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RT : (New from me): 'Our little brown rat': first change-caused mammal extinction confirmed by Australian gove…
climate  from twitter
10 hours ago by kcarruthers
Why Do We Fail When We Try to Tell the Story of Climate Change?
"In a storytelling culture obsessed with bigger stories and higher stakes, climate change should be irresistible. And yet when we try to tell the story—whether it’s motivated by politics or the genre intuition that climate change is horror at the grandest scale—we fail, invariably, to do it well. Why?"

Wallace is right, these narratives aren't being told. Un-addressed in the article though is the belief that climate change—real climate change, not the 'Day After Tomorrow" or "Interstellar" kind—remains terribly abstract. We can't quite wrap our head around it. We like movies that can wrap-up the story and present the solution with a nice red bow in 2 hours or less. Climate change is abstract, it's causes complex and even now, after all that's been written about it, it's *unclear* just what life might look like at a 2, 3 or 4 degrees Celsius increase in average temperature.

We need storytellers who can take the hard facts and deliver them in easily discernable chunks, making the complexities of climate change relevant and understandable. CONTEXT is desperately needed along with voices that can bring THE MOST IMPORTANT CONCEPTS TO THE FORE.

Yes, driving a hybrid, installing solar panels on your house, eating less red meat and switching to LED lighting are all good ideas, and they're easily discernable to the average person, *but they won't solve climate change.*

The problem is, the average person—hell, even brilliant people—can't quite grasp the breadth and scope of what averting a catastrophic failure of human civilization requires, and is required SOON.

Wallace seems to state (in his new book and a recent NYT article) that a POLITICAL solution is required. YES. However, we need to be MORE SPECIFIC.

The US is, at least for now, the leading economic, political, military and cultural power in the world. How we go, much of the world goes without much coaxing. With some coaxing, many more nations will follow our lead. With some additional arm-twisting and economic, political, and cultural influence, we can likely get everyone who matters to follow our lead.

How do we lead?

Congress enacts sweeping legislation that directs money and resources to solve this problem. As many have stated, this is our generation's WWII, this is our Sputnik. Mobilize all resources at US disposal, including whatever influence is necessary to get all key global stakeholders on-board, to reduce carbon emissions by 45% by 2030 and net 0% by 2050 (per IPCC report recommendations).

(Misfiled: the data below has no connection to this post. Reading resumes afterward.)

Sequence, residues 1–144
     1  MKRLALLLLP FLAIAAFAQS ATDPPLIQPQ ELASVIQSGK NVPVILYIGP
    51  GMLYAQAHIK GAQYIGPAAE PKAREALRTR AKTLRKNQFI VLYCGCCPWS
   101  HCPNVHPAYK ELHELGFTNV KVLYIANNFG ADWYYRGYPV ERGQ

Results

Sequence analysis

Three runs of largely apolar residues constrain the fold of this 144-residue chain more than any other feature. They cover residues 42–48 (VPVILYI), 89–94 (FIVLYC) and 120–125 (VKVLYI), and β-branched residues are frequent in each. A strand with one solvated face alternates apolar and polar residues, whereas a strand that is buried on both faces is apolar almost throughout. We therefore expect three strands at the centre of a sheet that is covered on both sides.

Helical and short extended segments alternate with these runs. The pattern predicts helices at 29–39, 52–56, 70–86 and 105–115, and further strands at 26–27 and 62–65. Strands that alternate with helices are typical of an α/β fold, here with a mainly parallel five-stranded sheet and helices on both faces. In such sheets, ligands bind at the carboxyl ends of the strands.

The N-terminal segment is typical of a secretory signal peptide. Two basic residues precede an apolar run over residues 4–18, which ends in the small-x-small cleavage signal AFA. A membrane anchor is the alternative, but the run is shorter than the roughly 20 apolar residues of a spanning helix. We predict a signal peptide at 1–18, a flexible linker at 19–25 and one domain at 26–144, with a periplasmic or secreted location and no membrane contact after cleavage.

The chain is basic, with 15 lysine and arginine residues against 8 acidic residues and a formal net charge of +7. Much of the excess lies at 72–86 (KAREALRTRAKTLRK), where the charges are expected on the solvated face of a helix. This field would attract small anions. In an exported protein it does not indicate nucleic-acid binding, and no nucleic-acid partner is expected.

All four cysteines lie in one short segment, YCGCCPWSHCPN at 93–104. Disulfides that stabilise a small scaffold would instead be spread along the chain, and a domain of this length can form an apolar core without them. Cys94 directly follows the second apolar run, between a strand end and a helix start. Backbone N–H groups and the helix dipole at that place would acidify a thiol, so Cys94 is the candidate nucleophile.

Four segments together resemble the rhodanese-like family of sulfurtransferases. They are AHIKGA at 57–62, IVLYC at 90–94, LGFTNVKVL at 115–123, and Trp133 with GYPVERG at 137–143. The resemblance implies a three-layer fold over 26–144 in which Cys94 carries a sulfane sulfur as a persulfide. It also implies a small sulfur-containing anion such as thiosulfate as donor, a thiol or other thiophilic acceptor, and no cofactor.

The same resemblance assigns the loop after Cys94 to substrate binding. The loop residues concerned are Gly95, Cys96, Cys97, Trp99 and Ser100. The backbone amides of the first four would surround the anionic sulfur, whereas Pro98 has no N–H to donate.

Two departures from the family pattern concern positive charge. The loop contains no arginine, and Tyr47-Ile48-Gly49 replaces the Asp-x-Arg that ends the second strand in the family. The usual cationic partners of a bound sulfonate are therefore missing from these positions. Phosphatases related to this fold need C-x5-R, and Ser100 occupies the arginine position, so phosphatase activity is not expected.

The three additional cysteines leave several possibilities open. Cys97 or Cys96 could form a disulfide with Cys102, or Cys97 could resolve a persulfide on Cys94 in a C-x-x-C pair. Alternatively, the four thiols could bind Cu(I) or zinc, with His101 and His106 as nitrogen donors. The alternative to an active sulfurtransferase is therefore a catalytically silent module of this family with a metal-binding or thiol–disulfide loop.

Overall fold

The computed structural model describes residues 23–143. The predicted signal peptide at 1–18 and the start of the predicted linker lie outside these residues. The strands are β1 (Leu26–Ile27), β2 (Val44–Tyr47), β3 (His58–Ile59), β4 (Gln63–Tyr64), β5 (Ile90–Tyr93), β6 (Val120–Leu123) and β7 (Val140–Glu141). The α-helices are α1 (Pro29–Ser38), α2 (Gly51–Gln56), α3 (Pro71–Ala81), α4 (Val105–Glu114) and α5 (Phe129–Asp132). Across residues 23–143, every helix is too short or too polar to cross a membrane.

Okay so, that's Congress, but WHAT ABOUT YOU AND ME?

As it stands right now, our current Legislative and Administrative branches of government are NOWHERE NEAR making any kind of moves like this. Quite the opposite, they're filled with climate change deniers and hardcore neo-liberals driven by the market, NOT by humanity.

Translation: U.S. voters must flip both Congress and the Presidency to representatives who will PUT HUMANITY FIRST and do hat's necessary to solve this problem. While those in power are obessed with hampering our democracy and removing power from the electorat, we still have somethign resembling a functioning representative democracy. US citizens must mobilize to vote into Congress and the Presidencey representatives who will do as we say, do as we require with regard to climate change.

As if that's not hard enough, this MUST be done at the 2020 election. That gives us ten years (until 2030) to have all measures in place to reduce carbon emissions by 45%.

If we don't flip the Legislative and Administrative branches of government at the 220 elections, we likely stand ZERO chance of averting the catastrophe of the runaway effects of climate change, as future elections will likely be too late to act.
climate  climatechange  climatedenial 
16 hours ago by jonhall
Car-free living better for combatting climate change than home improvements, says study - Curbed
Living car-free, avoiding airplane travel, and switching to a plant-based diet were three top solutions that weren’t heavily marketed as low-emissions solutions, yet carried the greatest impact.
18 hours ago by yk7
RT : SEE: Map of 2019 Global Significant Events from
January  Climate  from twitter_favs
22 hours ago by dalcrose
Citizens' Climate Change Lobby (CCL) UU Action Group
Welcome to the Unitarian Universalists' Action Team! We are bringing the power of UUism to advance CCL's goals.
ccl  climate  climatechange  activism 
23 hours ago by cyberchucktx
RT : Check out Yasmine Ostendorf's latest post: The Top 10 Most Exciting Art Institutions in Rural Areas.
climate  from twitter_favs
yesterday by andfilmer

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